Bernie Grundman & fellows / ORG / ORG Music / Classic Records

Sterling sound & fellows

Doug Sax RIP

Kevin Gray/Cohearent

Steve Hoffman

Sheffield/The mastering lab/Doug Sax

Stand Ricker RIP (not fully sure in his case if he did the digital versions personally, too)

Analogue productions and Acoustech generally (nearly all, as all done by great engineers)

Gateway mastering/Bob Ludwig

Masterdisk/Bob Ludwig




Reference Recordings (the old analog recordings only)

MFSL new Gain2 Ultra analog (slightly better). Old MFSL can be the opposite

First impression music (FIM)



Another even more extreme case is: When vinyl masterings are done by above folks (and some other vinyl reissuing labels), and digital versions are available only by their labels standard engineers, vinyl is better by far hands down anyway in my experience.

Then IMO there are tons of digital/vinyl versions (much of what’s reissued today), which just differ by typical digital/vinyl artifacts, but sound extremely close.

Then there certainly are many high class digital albums, which are not available as vinyl and sound fantastic and as good as it can get (2L, Bluecoast, Northstar, Yarlung, Sound liaison etc.), also some with a less “audiophile” status like some Pentatone, most CIC/Aparte etc. and certainly many just “normal” digital albums.

Tons of other great albums only available in digital format are certainly essential for music lovers, too and there are also some, which only exist digitally as remastered version (i.e. Esoteric) and often sound better than their vinyl originals.

I personally just can say all in all I don’t know of many albums/labels, where I’d clearly prefer the digital version for sound reasons if both formats exist (except if extreme macro dynamics, challenging deep bass performance or distortion combined with strong one channel dynamics exceed the ability to be placed on vinyl wisely). In my experience this doesn’t play a major role too often (depending on genre)… very rarely in Jazz, here and there in Pop/Rock/HipHop but more often in classical full scale music.

When I occasionally find interesting posts or publications of mastering engineers on that topic, I continue to post here for your info.

I don’t pay attention to normal people’s opinions in different forums, but just use information and opinions of professional people. Even if they might be colored, too, I think it’s more relevant and interesting.

So here we go with few new findings:


And here I found a rarer case of an article pro CD mastering:

This time my first case when a digital mastering of an analog source sounds in several aspects better than the analog done by in this case even by B.Grundman, which usually is a guarantee for the opposite:

I just compared Bill Evans/Another time by Resonance Records Redbook file to the vinyl remastered by Grundman. Vinyl in this case has little richer harmonics, but the digital mastering has clearly more contour in bass, is more transparent sounding and a little fresher in highs. Some might still prefer the vinyl here for its characteristic in this example, but the redbook file extracts clearly more information and better reveals the attack and transients of the instruments played, while both still sound great. Try this special case if you have the different media, it doesn’t happen often…I furthermore compared the Bill Evans/Some other time Grundmann vinyl on Resonance Recordings to the 2xHD DSD files and to the original Resonance Records hires files and the difference was not like that. They were quite similar.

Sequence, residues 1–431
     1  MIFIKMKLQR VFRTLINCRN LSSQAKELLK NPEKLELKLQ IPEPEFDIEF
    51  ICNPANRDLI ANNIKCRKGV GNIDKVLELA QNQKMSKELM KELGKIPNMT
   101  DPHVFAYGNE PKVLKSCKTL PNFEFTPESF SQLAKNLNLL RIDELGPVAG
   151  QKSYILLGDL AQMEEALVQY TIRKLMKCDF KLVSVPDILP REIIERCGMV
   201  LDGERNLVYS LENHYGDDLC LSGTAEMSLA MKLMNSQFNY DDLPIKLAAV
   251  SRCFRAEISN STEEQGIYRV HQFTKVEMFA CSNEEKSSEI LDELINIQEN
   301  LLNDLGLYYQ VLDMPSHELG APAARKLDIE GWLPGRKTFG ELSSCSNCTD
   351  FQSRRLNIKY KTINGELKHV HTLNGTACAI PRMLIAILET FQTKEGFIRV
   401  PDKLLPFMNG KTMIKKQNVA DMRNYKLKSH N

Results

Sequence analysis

That timing/pace in such comparisons never is a real issue for the DS, is probably its most valuable and admirable strength of all it has.

Just two new experiences I came across:

In my current setup I like the SACD masterings of recordings of the nice japanese label 88‘s better than their LP‘s because the LP‘s seem to have a recessed top end. This is unfortunate as 88‘s has among the best quality covers I experienced.

An interesting exploration was the definition of „mastering“ the famous Bauer studios (producing i.e. ECM recordings) use. Among their explanations is the following sentence I wouldn’t have expected as explanation of „mastering“.

„…as well as adding some warmth in the sound, which may be missing due to digital recording and mixing“

With current vinyl masterings (not so ECM) of digital sources I sometimes have a bad experience, when the studio tries to create a dull sound that should reflect „vinyl warmth“.

jazznut said

This time my first case when a digital mastering of an analog source sounds in several aspects better than the analog done by in this case even by B.Grundman, which usually is a guarantee for the opposite: